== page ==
Coding Horror

programming and human factors

Never design what you can steal

As the old adage goes:

good programmers write good code; great programmers steal great code.

This is definitely true, mostly because great programmers have learned to do some research before writing anything at all. However, even great programmers tend to be absolutely terrible at graphic design, even though the solution is exactly the same: never design what you can steal.

A prime candidate for theft is this cheeky study in redesign. It works as a funny parody of Queer Eye for the Straight Guy, but best of all, it targets a page from usability guru Jakob Nielsen-- who often gets a black eye for his intentionally low-tech design layouts.

I was rather skeptical of this effort at first. As a developer, I sympathize with crappy layouts. It's what I do! I make really crappy, basic HTML layouts. Then I fool myself into believing crappy, basic HTML layout is a good thing because it's, you know, lightweight. Like Google! But these guys made me a believer. Their redesigns were a big improvement over the original, minimalist Nielsen layout:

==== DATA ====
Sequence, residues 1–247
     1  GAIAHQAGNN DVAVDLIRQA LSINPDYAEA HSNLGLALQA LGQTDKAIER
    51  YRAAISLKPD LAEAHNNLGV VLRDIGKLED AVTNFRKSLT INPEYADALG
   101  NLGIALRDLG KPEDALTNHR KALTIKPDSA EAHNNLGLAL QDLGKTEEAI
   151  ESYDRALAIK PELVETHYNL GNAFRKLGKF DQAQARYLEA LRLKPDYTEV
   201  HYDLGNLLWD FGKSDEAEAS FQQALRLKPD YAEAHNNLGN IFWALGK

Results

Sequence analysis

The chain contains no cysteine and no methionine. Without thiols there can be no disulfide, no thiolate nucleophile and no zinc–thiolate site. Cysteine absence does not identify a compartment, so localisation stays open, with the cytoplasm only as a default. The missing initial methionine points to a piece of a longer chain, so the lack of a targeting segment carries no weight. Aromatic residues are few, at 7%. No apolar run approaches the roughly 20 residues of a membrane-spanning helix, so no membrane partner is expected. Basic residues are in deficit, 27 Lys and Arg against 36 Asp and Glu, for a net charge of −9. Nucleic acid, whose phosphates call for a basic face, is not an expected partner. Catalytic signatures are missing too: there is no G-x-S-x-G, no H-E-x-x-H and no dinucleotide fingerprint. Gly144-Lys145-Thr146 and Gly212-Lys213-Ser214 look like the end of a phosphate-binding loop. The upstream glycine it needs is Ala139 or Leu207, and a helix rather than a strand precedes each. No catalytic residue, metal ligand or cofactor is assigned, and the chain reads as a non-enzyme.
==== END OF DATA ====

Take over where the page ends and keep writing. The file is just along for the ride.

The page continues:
1. The original Nielsen Alertbox
  2. Rewrite of the text
  3. Redesign of the web page, with illustrations
  4. Enhanced print version (pdf)

I chose not to link to the "bonus Flash enhanced" version, which was not an improvement. As far as I'm concerned, the only proper use for Flash is to play Mr. Wong episodes.

Anyway, it was heartening to see how a few simple design changes could dramatically improve the basic HTML I regularly churn out. And if that doesn't convince you, how about this redesign of the famous "Bin Ladin Determined To Strike in US" memo that originally inspired this redesign?

Written by Jeff Atwood

Indoor enthusiast. Co-founder of Stack Exchange and Discourse. Disclaimer: I have no idea what I'm talking about. Find me here: http://twitter.com/codinghorror